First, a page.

My new pieces of jewellery and objects (2018-2019) are linked to an era when humans discovered their ability to make tools and weapons. In doing so, they were able to take control of their environment – a development that has taken on gigantic dimensions to this day, but is turning against us ever more rapidly.
These objects, however – which were often essential to ensure survival – not only had a practical and often violent purpose: they also had intentional aesthetic aspects, as recent research shows.
I would once again like to take up this human “big bang” in a “leap in time” by focusing on the aesthetic components.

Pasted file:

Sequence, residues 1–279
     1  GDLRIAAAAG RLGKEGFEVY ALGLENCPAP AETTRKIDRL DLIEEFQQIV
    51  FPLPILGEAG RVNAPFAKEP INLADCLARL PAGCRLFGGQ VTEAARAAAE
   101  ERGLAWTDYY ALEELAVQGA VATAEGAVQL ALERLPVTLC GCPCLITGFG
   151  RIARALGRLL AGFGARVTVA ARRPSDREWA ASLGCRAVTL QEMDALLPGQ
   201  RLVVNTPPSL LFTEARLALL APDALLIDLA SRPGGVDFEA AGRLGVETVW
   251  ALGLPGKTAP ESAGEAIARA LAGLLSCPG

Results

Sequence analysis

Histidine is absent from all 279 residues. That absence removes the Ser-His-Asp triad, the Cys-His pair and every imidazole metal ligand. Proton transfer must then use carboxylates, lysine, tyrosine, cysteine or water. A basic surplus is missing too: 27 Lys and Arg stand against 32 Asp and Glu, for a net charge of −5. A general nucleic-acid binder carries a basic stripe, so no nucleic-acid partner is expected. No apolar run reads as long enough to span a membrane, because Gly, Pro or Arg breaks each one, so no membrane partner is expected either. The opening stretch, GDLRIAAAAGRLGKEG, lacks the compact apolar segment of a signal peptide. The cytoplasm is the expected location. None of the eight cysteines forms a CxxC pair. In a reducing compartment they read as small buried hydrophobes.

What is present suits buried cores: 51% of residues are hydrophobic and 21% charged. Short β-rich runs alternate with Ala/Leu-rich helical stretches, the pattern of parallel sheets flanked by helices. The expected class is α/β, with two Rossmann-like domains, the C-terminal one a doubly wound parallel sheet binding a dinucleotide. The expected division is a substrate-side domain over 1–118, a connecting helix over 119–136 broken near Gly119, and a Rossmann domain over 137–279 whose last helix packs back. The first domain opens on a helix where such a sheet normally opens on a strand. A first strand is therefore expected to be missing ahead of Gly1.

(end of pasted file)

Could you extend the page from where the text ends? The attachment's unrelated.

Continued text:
However, I am not only interested in the aesthetic quality of a piece of jewellery. The transformation of a weapon (arrowhead, knife, spearhead) into jewellery is also a clear rejection of human aggression.
The pieces of jewellery are carved from wood, cast from aluminium and brass, combined with silver and other materials. They are modelled on original weapons and knives from different regions and ages. By using materials such as wood and metal the prototypes, which were originally made of stone, are deliberately altered.
Woodwork in co-operation with Claus Spiess, wood carver